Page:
Tuesday, September 7, 2010

This brings a little tear to my eye

Here is how students use and benefit from laptops in the classroom.
First week of school. Second year teaching this group of students. Third year they have used laptops in the classroom.
One of my students knew that she would be absent and knew that the day's class period was time for working on a paper with a partner. So, she made arrangements. First, she talked with her partner to coordinate getting the work done. Then, she emailed me to let me know that she would be absent and that she had communicated with her partner.
During 8th period that day, all students were working on separate Google Docs to write scripts. My absent student was also working on the Google Doc with her partner and using the chat function to clarify directions and plan together.
Here is a screen shot that I took from my computer. I could watch them talking to each other and interject my own pointers along the way.
Why was this so seamless? The students were familiar with the applications used. They had experience using Google Docs and understood how to use it for their own purposes. These were also highly independent students. They did not wait for me to remind them how to use this online tool to their advantage, but instead took charge of the learning situation for themselves.
It brings a little tear to my eye when I see that ultimately my students don't need me. They can function and excel in this brave new 21st Century world just fine on their own!

Friday, April 2, 2010

Senior Exhibits

One of my favorite aspects of my job as a teacher at Fredericksburg Academy is the opportunity to work with students as their Senior Exhibit mentor. Students begin a year long study in an area of their choosing the spring of their junior year then complete a learning activity, application, and formal presentation by the spring of their senior year. I have worked with some great students in the past on their individual projects, including learning to become a certified Red Cross instructor, working with the elderly, and setting up a new program at our school to benefit students in the future. This year two juniors have asked me to work with them and I am very excited about their initial ideas. You can follow their blogs about learning Russian culture and physiology. I can't guarantee that they will still be with those topics come next spring, but they are both off to a great start!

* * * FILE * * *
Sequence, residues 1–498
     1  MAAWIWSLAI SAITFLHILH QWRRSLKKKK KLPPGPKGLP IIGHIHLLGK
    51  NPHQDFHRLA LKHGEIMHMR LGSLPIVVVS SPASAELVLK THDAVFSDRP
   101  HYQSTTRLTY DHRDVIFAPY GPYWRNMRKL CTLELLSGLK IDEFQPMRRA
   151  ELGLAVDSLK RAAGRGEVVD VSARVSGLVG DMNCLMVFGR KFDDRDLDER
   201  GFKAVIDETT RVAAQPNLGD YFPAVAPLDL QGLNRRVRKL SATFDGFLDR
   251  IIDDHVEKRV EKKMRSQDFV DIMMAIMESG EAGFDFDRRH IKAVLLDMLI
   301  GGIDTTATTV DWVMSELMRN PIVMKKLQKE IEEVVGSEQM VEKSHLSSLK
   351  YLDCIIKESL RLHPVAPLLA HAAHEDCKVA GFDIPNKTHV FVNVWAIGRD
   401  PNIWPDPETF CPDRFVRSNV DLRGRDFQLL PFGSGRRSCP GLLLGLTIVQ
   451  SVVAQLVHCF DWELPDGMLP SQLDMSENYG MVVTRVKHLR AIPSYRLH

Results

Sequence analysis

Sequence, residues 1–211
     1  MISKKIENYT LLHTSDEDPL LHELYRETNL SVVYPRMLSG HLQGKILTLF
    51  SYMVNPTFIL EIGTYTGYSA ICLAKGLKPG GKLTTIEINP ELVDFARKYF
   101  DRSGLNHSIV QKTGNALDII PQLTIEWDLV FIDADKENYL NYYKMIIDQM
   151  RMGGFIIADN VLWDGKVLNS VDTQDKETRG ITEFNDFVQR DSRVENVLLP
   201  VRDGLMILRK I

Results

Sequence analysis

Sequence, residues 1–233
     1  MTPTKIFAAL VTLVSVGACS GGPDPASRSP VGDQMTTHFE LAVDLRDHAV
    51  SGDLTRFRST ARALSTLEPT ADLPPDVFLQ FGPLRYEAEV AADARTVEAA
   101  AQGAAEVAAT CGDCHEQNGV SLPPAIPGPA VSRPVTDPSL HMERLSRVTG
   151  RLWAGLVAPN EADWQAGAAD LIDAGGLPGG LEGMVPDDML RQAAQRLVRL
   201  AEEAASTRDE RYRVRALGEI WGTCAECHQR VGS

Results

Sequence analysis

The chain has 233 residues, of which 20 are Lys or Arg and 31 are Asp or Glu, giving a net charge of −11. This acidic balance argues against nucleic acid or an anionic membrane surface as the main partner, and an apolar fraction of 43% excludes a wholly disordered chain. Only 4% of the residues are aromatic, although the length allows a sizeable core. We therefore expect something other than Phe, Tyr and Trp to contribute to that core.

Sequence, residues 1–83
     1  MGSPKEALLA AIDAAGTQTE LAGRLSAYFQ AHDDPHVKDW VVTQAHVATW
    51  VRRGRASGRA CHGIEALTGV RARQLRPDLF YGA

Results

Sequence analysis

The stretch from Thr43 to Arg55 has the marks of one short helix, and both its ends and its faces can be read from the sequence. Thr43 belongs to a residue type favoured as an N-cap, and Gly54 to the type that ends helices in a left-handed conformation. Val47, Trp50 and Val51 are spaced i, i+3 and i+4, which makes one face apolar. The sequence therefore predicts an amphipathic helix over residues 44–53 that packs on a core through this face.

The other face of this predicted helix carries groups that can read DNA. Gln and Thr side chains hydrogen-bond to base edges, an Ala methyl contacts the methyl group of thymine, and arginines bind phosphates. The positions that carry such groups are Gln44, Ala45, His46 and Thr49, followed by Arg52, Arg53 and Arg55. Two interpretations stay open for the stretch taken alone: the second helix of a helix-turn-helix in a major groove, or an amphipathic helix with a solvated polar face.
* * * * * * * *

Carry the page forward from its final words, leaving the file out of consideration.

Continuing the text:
Sunday, March 28, 2010

Book Versus Scroll

Over the years my English department has tried to incorporate tech in our classrooms, especially when it makes learning better and more economical for our students. This is all made easier as I teach in a one-to-one laptop school. I have used a program called Vital Source, but I have found that the texts are not always accurate or as complete as their printed counterparts; for example no line numbers on epic poem texts. I have also used some e-texts with my classes but haven't always gotten the best feedback from students when I use these resources. We can't annotate them as we can a book. They are not as easily referenced during class discussions, although when the Ctrl F search feature works finding the same place to discuss is quick and easy. Of course, managing distractions is always an issue when anyone, not just students, are working online. Learning to self discipline in this area is a life skill that I encourage my students to practice. Ignoring Facebook, chat pop ups, constant checking of email, and more are all real distractions which I find myself falling into often, so I certainly sympathize with my students struggles in this area as well. For example, I set aside some time to grade lovely satires written by my sophomores and here I am writing a blog post (for the first time in three months!). An advantage to the e-text, besides the free price, is also the ease of access-no book to forget at school.

This morning I found some recent research that describes my biggest struggle with using online texts. As someone who has always studied books, I find it difficult to find my place in online texts. Maybe I need to use resources like Diigo and its annotation feature more often. I have also thought that this is because I am a strongly visual learner and "see" where on the page I am looking for in order to locate a relevant quote or section when analyzing a text. But this research suggests that another factor is memory processing.
So my questions are:
  • Do students of this new generation have different memory functioning than I do? Am I just getting old and losing it!
  • Is the digital world that they are growing up in changing how their brains develop (I know that there is research on this out there)?
  • Should I use online texts in order to facilitate this development, continue using a combination of print and online sources, or go back to the "good old days" of tattered, well read paperbacks?
I hope that teachers who have used scrolling texts share what they do in order to use this resource effectively as a learning tool. And I hope that students also share their perspectives on these questions as well.

One more thought, more than anything I have found that variety is not only the spice of life but also the best way to teach. Whether for "keeping it fresh" and interesting or to reach students with multiple learning styles in the same 45 minutes. So I guess I'm leaning toward sticking to the combination (I have turned in my book list for next year), but what about the year after that (do teachers plan two years in advance?!) I'm also always open to change, which helps adapting to this whole new world of teaching a bit easier.